As you can faintly see in the photo below, I marked each board with the lines for all of the pieces.
I used my radial saw to make all of the major 'board' cuts and although you can't see it (I didn't think to photograph the underside and the dust while cutting was too intense to bring the camera out), I mitered both edges at a 45degree angle so that each side would meet at the corners. Make sure you have a dust mask and goggles. These are key for all of the cutting and sanding. I sanded after every cut so that the edges were always nice and clean. I used my electric sander which made the process go quickly.
I used regular molding from the home improvement store for the straight pieces of molding. The ends have all been mitered to match the 45 degree of the board.
The round rosettes were purchased online, they are 2.5" diameter. I glued everything on with liquid nails and/or HWFF Foam glue. The foam glue is not as thick and dries slightly faster, which I ended up preferring.
I cut the square middle pieces from 1/2" pink foam and glued them on. One piece gets a round hole, three do not.
So up until this point I was motoring along and pleased with myself for all the progress. However the true test was coming...the curved top trim.
Originally I thought I could make this with my hot wire tool and I started with good result.
However when I started the curved piece it all fell apart. I couldn't get a jig together that would hold the tool at the right angle and curve it at the same time. I tried and tried (for way too many hours I tried, and thought, and ate some chocolate, and tried again). No, this was just not going to work. So while not exactly the right profile I came up with this.
I used 2 sizes of pipe insulation from the home improvement store. The ends are mitered at 45 degrees to match the sides of the board and the middles are at 35 degrees or so. I glued the ends on first and let them set up. Once firm and dry I added the curved middles. I was pleased with this and so went to the next step, adding small diameter window and door insulation in between the "steps" so that it would look more like real trim with the little peaks and valleys. The styles I used are below. The best part about these are that they come with adhesive built in. Just peel of the tape and you're ready to apply.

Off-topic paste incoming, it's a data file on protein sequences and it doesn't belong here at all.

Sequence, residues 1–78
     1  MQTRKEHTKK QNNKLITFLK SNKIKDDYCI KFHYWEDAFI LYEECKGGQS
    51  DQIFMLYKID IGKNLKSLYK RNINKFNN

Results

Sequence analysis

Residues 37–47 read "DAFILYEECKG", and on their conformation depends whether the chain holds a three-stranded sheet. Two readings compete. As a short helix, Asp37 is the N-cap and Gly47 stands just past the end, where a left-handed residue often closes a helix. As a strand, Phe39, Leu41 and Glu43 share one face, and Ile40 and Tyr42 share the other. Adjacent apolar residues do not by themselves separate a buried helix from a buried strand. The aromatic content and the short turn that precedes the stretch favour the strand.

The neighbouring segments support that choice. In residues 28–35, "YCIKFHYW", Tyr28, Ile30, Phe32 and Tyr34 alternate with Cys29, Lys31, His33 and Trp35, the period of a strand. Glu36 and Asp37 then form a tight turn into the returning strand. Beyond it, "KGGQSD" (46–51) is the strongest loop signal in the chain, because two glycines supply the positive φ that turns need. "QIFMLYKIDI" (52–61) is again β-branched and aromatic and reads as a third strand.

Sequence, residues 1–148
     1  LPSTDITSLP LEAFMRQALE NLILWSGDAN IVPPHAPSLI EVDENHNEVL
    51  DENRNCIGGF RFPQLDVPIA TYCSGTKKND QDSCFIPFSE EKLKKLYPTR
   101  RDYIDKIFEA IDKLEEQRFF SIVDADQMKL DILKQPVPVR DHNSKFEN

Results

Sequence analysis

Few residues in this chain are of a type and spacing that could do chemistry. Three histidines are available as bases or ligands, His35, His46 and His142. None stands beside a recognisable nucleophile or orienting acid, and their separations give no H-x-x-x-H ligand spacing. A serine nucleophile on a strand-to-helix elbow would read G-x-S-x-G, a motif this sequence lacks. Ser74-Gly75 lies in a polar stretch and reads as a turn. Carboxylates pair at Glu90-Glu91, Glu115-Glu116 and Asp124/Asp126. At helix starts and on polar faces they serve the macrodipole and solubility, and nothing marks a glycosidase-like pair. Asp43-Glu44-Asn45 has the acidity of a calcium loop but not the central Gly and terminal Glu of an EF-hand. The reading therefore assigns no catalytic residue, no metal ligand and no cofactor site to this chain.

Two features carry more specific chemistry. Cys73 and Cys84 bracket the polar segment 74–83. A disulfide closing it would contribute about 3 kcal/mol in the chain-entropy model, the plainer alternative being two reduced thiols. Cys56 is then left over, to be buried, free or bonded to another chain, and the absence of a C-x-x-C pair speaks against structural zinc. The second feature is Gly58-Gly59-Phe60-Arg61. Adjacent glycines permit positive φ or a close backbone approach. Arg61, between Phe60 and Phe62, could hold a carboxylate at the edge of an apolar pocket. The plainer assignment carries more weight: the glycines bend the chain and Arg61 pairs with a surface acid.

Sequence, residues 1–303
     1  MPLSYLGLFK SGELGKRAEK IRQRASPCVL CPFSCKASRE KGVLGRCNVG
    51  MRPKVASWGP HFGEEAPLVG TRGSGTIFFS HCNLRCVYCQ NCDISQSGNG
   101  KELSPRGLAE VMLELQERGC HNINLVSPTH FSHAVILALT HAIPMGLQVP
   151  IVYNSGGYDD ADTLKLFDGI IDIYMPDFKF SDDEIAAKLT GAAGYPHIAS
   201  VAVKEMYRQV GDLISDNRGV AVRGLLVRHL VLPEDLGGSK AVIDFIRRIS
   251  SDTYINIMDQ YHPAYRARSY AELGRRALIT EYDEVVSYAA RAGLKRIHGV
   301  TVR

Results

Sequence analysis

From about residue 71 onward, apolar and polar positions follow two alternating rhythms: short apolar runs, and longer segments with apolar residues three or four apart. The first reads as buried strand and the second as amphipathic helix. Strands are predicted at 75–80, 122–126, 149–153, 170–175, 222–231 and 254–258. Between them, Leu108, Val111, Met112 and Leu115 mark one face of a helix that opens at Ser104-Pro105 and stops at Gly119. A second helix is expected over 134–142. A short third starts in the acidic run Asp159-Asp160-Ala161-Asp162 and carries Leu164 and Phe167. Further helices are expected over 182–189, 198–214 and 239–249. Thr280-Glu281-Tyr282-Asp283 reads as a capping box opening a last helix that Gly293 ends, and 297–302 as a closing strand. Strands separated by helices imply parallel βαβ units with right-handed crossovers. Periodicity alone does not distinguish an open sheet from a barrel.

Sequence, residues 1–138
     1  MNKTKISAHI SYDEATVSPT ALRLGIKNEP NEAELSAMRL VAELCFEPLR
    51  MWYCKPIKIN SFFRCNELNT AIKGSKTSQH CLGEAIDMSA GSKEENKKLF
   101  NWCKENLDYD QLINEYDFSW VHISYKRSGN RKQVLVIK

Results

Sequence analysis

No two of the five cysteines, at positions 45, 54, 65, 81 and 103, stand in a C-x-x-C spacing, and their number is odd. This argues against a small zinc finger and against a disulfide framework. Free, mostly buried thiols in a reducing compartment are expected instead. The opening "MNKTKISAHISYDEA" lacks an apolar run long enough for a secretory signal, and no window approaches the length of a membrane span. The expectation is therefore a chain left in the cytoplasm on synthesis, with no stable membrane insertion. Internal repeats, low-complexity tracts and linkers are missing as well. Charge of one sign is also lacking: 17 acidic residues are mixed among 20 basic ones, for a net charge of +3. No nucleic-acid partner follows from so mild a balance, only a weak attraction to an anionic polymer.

Next I cut craft foam sheets into 2" strips, mitered the outside edges to 45 degrees and glued them to the top of the pipe foam to create the "roof" of the trim
Then I added a large trim piece to the bottom and again mitered the ends. Now, for you observant folks, you will notice that some of the square pieces in the middle are solid, and others show a round recess. This is because the Poe stone has one side that has a bronze relief and the others do not. I didn't keep tabs on which piece was in front while I photographed.
This photo includes a really cute model to distract from the fact that I neglected to take photos of several stages.
One: I glued the four board components together and let them dry. I think you can figure how how that works so that's not a big deal. I used blue painters tape to hold them in place. This works well on the foam provided you stick it down really well and it's not too humid.
Two: I made simple rectangular boards and mounted them to the bottom. Again, fairly straightforward.
Three: I made the pyramid top and glued it on. Sounds so easy, right? NOT. Although it was fun to use my geometry skills for once in 20 years.
To figure out the dimensions of the four triangle shaped sides I first decided that the pyramid should be 6" high.
So for the first formula, you have to imagine a cross section of the pyramid. Take a straight line from the tippy top of the pyramid down to an imaginary table it is sitting on. Then continue that line to the middle of one of the sides. If you continue the line up the sloped side back to the top, you've created a right triangle. The height of the right triangle is 6", and the base is 12" (each side is 24", so half of that, to the middle, is 12"). From there you use your formula to get the hypotenuse of the triangle. a2 + b2 = c2 (those 2s are supposed to read as "squared"). Thus you get 6 squared (36) + 12 squared (144) = 180 whose square root is 13.41. So when you go to cut your triangle pieces, they should be 13.41" tall, and 24" wide at the base. I just drew them out and connected the dots to complete the triangle. Although you could again use your formula if you love it so!!
I cut the four triangles out of 1/2" foam and then mitered all three edges of each triangle so that they would match up flush when glued together. Now in reality they weren't exact, (well, at least my reality. Maybe you're a better carpenter- it wouldn't be hard) but I evened everything out in the end with some sanding and joint compound.
So that was a lot. Are you still with me? Only one more post to go...